As is expected, the W90 doesn't come cheap, and is available now for $2,200 through Newegg.com. That also includes a backpack, mouse, and 12-cell battery.
ATI has been eerily quiet regarding the company's first 40nm-based graphics release, code named RV740, and instead letting rumors swirl around the web. That's okay, because review site Guru3d managed to snag a sample of an as-yet un-named RV740-based videcoard and has put it through a variety of DX9 and DX10 benchmarks.
On the hardware front, Guru3d says the new part comes equipped with 640 shaders, 32TMUs, and 16 ROPs. If this sounds familiar, it's because these are the same specs as those found on the RV770LE, only the RV740 bumps up both the core frequency from 575MHz to 650 MHz, and memory frequency from 1800MHz to 3200MHz. The wide gap in memory frequency can be attributed to the use of GDDR5, compared to RV770LE's GDDR3. But are the higher frequencies enough to make up for the smaller 128-bit memory bus on the RV740?
According to Guru3d, the answer is yes. The new card fell in between in the Radeon HD 4830 and HD 4850 in every benchmark the site published, no matter whether it was tested at 1280x1024 or 2560x1600. Not at all bad for a card that is expected to sell for under $100, however there's been no official word yet on price.
During a phone interview with InformationWeek, Dirk Meyer, CEO of AMD, said the chip maker is on track to deliver 32nm CPUs by the middle of next year, with testing of the new chips to be complete by the end of this year and volume production to begin in Q4 2010. This would put AMD roughly a year behind Intel in shifting to the smaller manufacturing process, as AMD's rival chip maker is expected to produce 32nm chips by Q4 of this year.
AMD closes its deal with the Abu Dhabi government tomorrow for the creation of AMD's manufacturing spinoff, the Foundry Co., who will create the new chips. Once finalized, the deal will lift about $1.1 billion in debt out of AMD's books, freeing the company to concentrate on designing new parts.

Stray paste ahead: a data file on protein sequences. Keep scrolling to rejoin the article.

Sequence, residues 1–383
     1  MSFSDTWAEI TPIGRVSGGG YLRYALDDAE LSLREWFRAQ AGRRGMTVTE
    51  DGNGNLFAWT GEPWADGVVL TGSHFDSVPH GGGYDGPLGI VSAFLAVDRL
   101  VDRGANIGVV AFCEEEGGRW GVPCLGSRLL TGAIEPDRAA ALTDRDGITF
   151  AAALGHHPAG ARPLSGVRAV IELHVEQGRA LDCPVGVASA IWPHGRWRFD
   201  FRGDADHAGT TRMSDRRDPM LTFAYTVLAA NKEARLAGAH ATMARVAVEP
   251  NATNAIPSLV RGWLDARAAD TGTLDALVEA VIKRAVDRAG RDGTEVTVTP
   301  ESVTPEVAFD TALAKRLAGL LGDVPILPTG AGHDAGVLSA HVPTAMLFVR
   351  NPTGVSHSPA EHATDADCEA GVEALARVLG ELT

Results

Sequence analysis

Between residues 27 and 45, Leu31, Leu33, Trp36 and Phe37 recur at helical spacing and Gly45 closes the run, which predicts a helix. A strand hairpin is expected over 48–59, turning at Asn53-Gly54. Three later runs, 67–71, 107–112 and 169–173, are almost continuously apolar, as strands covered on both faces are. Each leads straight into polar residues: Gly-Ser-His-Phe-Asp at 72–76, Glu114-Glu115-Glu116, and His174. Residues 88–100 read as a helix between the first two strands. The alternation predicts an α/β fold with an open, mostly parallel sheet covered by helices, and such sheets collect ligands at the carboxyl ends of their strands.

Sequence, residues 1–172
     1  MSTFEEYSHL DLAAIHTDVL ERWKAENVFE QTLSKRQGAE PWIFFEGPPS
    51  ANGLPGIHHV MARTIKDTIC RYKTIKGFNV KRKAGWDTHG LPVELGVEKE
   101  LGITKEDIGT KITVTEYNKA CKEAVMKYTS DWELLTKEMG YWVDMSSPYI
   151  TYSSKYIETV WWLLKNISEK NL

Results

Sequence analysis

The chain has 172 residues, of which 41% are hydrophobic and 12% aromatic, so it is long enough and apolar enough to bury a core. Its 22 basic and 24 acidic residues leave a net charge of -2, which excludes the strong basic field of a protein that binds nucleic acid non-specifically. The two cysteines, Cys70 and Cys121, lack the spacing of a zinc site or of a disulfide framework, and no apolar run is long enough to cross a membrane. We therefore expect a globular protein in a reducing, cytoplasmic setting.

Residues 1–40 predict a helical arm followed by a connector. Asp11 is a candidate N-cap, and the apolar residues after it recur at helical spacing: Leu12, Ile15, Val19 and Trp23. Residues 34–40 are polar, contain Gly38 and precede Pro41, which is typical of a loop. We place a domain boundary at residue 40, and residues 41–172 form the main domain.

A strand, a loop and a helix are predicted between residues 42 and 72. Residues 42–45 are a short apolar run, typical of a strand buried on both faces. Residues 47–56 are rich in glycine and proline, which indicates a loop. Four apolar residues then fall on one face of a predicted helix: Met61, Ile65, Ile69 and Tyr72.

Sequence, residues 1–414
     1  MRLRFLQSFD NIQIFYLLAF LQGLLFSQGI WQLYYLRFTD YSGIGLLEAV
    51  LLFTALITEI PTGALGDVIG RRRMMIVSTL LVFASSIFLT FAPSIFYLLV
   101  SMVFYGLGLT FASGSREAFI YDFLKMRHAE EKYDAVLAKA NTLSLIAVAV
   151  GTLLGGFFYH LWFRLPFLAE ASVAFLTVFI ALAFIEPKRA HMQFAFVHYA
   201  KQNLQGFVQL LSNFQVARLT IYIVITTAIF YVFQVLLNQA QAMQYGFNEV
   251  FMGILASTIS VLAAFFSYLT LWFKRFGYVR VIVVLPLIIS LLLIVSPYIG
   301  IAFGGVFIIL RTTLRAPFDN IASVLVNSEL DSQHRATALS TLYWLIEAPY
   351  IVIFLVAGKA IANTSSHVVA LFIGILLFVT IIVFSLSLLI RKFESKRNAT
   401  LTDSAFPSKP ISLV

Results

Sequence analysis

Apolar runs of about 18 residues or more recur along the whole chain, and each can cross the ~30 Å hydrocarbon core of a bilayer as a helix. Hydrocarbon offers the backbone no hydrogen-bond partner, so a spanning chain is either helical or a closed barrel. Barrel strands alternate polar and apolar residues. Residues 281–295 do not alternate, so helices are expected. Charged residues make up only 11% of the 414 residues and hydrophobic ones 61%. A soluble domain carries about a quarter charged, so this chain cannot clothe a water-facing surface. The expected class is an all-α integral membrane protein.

It remains to be seen if AMD will also integrate major graphics in a 32nm process through the Foundry Co. as well.
The once two-man bout between IE and Firefox has turned into a five-way blood fest in the battle for browser market share. With each contender jockeying for position, Apple's Safari 4 beta, which was recently released to the public, has been particularly well received, breaking 10 percent market share on February 28 for the first time.
Interestingly, despite Safari 4 having a strong debut, Safari's overall market share for the month of February dropped slightly from 7.70 to 7.42 percent. Meanwhile, Firefox continued to gain ground, increasing from 21.75 to 21.96 percent. Internet Explorer remained virtually the same, going from 68.18 to 68.17 percent.
The browser wars are set to heat up in the coming months as nearly everyone has an upgrade on tap. These include Safari 4 (beta), Internet Explorer 8 (beta), Firefox 3.1 (beta), and Opera 10 (alpha), as well as continued development on Google's Chrome browser (beta).
During his annual “strategic update” with Wall Street analysts, Steve Ballmer made it very clear that Office 14 will not launch in 2009. Normally outside of the business community, few would take notice of this. But with the high profile beta of Windows 7 igniting a passion in both raging Microsoft fans and Mac / Linux converts alike, a delay on the Office side should have everyone concerned. The reason for this is simple; Office releases usually follow operating system launches extremely closely. Windows XP & Office XP both shipped together in 2002, and Windows Vista & Office 12 shipped together in January 2007 as well. Even though some versions of Office have released in-between operating systems, if we simply rely on history as a guide we won’t be seeing Windows 7 until 2010.
Microsoft released an alpha version of its new office suite back in January, and rumors were swirling that Office 14 would indeed come in 2009, rumors Steve Ballmer has now put to rest. With an open beta not planned until sometime in the summer, it seems likely that the RC (release candidate) version would push well into the fourth quarter and see an early 2010 release.
Now that we know Windows 7 development is far ahead of Office, will Microsoft delay the launch in order to have a concurrent release? Or will it break with tradition in order to capitalize on the good will that has been building since the release of the beta. Hit the jump and let us know what you think.